Kertes (The Afterlife of Stars) delivers a bittersweet tale of a Jewish Hungarian survivor of WWII. Zoltan Beck immigrated to Toronto with his young family during the revolution of 1956. Now, in 2012, Zoltan’s wife has recently died and Zoltan, who has colon cancer, is being looked after by his son, Ben, a teacher, and Ben’s wife, Lucy. Ben is patient with his father, who is exasperating in his will to maintain his independence. Zoltan’s travails in the present are interspersed with flashbacks to his experiences during the war, when he and his older brother, Bela, were transported to a forced labor camp where Bela’s talent as a pianist earned them special treatment. But at war’s end, Zoltan and Bela were separated. Bela’s fate is finally revealed as Ben and a dying Zoltan travel to Budapest for a final reckoning with their family history. Kertes dramatizes the indignities faced by a person with compromised health, from having one’s driver’s license revoked to running into unexpected difficulties during a colonoscopy. Zoltan’s hilarious and heartbreaking story is a satisfying blend of matters domestic and historical. Agent: Julie Stevenson, Massie & McQuilikin Literary Agents. (Mar.)
From the Publisher
Shortlisted for the 2021 Leacock Medal for Humour
Longlisted for the 2020 Toronto Book Awards
Praise for Last Impressions:
"The great achievement of this novel is that the comedy of the present day story is deepened and darkened by the vein of history flowing beneath it, a history of lost loves and lost lives. Last Impressions will make you laugh out loud and cry out loud. What more could be asked of a book?"
—Miriam Toews, award-winning author of Women Talking, A Complicated Kindness, and All My Puny Sorrows
"Joe Kertes knows of what he writes, and it shines through pristine prose on every page of this moving and thoughtful novel. By turns hilarious and heartbreaking, the story’s vivid and memorable characters wrestle with history, secrets, and shadows that simultaneously strain and sustain a family. Brilliant and masterful."
—Terry Fallis, two-time winner of the Stephen Leacock Medal for Humour
"The patriarch Zoltan looms off the page, larger than life and yet heart-breakingly human. Last Impressions is a testament to the ordinary miracle of family and friendship, of loves lost and loves gained, of secrets concealed and hopes restored, set against the sweep of history, at once epic and intimate."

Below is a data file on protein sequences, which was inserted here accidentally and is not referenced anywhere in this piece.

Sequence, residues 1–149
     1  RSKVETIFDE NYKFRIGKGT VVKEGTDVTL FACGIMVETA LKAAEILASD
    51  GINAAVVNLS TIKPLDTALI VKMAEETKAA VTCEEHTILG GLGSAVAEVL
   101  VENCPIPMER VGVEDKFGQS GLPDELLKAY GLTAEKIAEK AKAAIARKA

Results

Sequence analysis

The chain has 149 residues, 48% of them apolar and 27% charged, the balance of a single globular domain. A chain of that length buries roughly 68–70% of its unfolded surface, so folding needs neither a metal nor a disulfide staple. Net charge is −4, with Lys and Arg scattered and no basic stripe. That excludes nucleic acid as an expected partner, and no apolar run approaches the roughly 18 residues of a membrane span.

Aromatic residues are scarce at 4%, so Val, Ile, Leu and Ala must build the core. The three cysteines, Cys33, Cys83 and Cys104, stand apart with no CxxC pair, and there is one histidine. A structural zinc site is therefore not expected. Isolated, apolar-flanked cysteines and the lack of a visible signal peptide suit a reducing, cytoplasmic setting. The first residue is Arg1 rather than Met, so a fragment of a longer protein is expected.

—Giller Prize-winning author Will Ferguson
"I finished Joe Kertes’s dark comedy, Last Impressions, and booked a trip to Hungary, so vivid and engrossing is Mr. Kertes’s creation of the Beck Family and their visit back to their father’s past. Cantankerous, unwavering, iron-willed, preposterously hilarious, Zoltan Beck is a protagonist for the ages. Stop streaming and start binging on this unputdownable book."
—Andrea Martin, award-winning actor
"A funny and moving book about a family mystery and the mysteries of family."
—David Bezmozgis, award-winning author of Immigrant City and The Betrayers
"Zoltan’s hilarious and heartbreaking story is a satisfying blend of matters domestic and historical."
"Kertes is successfully navigating treachero's waters here with a novel that, for all its moments of darkness, emerges as passionately life-affirming and at times unrepentantly hilarious."
Kertes (The Afterlife of Stars, 2017, etc.) returns to familiar terrain in his fifth novel, about a Hungarian Jewish Holocaust survivor nearing the end of his life who, with the encouragement of his son, reluctantly revisits his mysterious, tragic past.
Zoltan Beck does not like to linger on the past. "He's a forgetter," one of his granddaughters notes. "He likes to forget." Having left Hungary in the 1950s and made his way to Toronto, Zoltan would rather enjoy the pleasures of life than dwell on his painful history, which he has mostly kept from his three sons. Even he does not know the circumstances of his beloved older brother's death amid the chaos of their escape from a labor camp. But as he approaches the end of his life, his son Ben begins to search—and encourages him to search—for answers to unasked questions. This quest ultimately leads the pair back to Budapest, where they must uncover the truth at last. The premise of the novel is not particularly original, but in the right author's hands, stories like these—no matter how frequently told—can be arresting and innovative. Sadly, that is not the case here. Although the novel has occasional moments of genuine tenderness, many of its emotional crescendos feel forced. When Zoltan discovers long-lost family in Budapest, for instance, his embrace of these strangers seems utterly at odds with every other aspect of his character. Furthermore, the female characters are flat and underdeveloped, the dialogue often strikes a false chord, and the shape of the plot is predictable. Kertes does manage to incorporate bursts of humor into otherwise heavy subject matter, and he uses music and literary references cleverly. But these incidental assets ultimately do little to improve a story that is hackneyed and sentimental.
Jewish generational memory and trauma can be a literary gold mine, but what Kertes has unearthed is only gold-plated.